CHAPTER II. THE NEW GIRL."Well, and our humble school clock ought to make your heart quail if you don't obey it, Bridget. Seriously speaking, it is my duty to counsel you, as a new girl, to go to bed at once.""You were not miserable yesterday."
"Well, if I must go, and if you really wish it. Come with me to my room, Dorothy. O Dolly, if you would sleep with me to-night!"
"Yes, in one minute, Janet! I don't know what I'm to do, Marshall," continued Dorothy. "I should not venture to speak to Mrs. Freeman on the subject; she would be very, very angry."
rummy game real paytm cash
"I don't know how I can, Mrs. Freeman. I said at once, when I came to school and saw what kind of place it was, that I wouldn't obey the rules. They were so tiresome and silly; I didn't see the use of them."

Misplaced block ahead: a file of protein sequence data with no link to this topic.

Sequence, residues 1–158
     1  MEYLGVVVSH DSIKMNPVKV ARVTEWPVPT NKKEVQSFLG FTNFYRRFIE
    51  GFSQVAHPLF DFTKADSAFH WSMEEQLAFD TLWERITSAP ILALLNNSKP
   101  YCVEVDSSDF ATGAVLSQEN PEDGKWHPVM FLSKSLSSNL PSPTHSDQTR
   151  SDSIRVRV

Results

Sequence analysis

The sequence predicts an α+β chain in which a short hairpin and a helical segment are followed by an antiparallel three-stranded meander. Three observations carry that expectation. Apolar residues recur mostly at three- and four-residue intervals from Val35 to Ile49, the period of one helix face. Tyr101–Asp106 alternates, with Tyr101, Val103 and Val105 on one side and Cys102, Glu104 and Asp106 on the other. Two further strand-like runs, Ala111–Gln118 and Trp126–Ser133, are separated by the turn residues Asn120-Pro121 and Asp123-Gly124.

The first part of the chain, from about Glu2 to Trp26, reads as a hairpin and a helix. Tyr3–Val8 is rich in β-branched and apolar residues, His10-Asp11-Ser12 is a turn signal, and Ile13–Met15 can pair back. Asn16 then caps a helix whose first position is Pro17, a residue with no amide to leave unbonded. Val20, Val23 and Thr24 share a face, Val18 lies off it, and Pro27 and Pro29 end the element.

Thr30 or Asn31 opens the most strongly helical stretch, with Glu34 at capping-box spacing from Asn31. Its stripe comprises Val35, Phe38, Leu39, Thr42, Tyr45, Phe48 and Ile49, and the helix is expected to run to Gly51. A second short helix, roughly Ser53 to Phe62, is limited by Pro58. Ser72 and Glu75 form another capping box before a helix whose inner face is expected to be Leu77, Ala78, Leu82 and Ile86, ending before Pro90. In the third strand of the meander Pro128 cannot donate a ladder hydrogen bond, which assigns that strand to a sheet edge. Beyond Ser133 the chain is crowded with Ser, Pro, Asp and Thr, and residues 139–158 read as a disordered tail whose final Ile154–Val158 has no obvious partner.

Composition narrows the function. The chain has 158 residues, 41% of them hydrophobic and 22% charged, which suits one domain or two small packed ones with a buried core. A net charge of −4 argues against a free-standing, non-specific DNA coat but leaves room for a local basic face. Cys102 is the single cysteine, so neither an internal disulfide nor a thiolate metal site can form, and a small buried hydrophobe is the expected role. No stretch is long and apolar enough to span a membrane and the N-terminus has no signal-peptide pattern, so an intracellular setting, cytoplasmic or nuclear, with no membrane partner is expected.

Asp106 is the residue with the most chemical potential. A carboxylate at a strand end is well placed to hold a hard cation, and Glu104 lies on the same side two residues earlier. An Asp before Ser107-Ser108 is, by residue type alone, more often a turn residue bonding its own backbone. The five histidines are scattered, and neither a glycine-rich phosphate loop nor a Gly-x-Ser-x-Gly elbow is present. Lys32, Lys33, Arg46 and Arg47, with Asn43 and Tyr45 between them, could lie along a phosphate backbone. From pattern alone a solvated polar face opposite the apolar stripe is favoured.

"If I had only some smelling salts," she began.
"No, I can't do that; we have to obey rules at school, and one of our strictest rules is that no girl is to leave her own bedroom without special permission.""That's as bad as the other expression, Bridget."
Janet bent her fair face again over the open page; a faint flush had risen in each of her cheeks.
Marshall, with all her silliness, was a shrewd observer of character. Had the girl in disgrace been Janet May or Dorothy Collingwood, she would have known far better than to presume to address her; but Bridget was on very familiar terms with her old nurse and with many of the other servants at home, and it seemed quite reasonable to her that Marshall should speak sympathetic words.
When Mrs. Freeman told Bridget to go away and leave her, the Irish girl stopped playing with the tendrils of hair on Evelyn's forehead, and looked at her governess with a blank expression stealing over her face.
"You have too good taste to like her, Olive, but do let us talk about something more interesting. How are you getting on with that table cover for the fair?"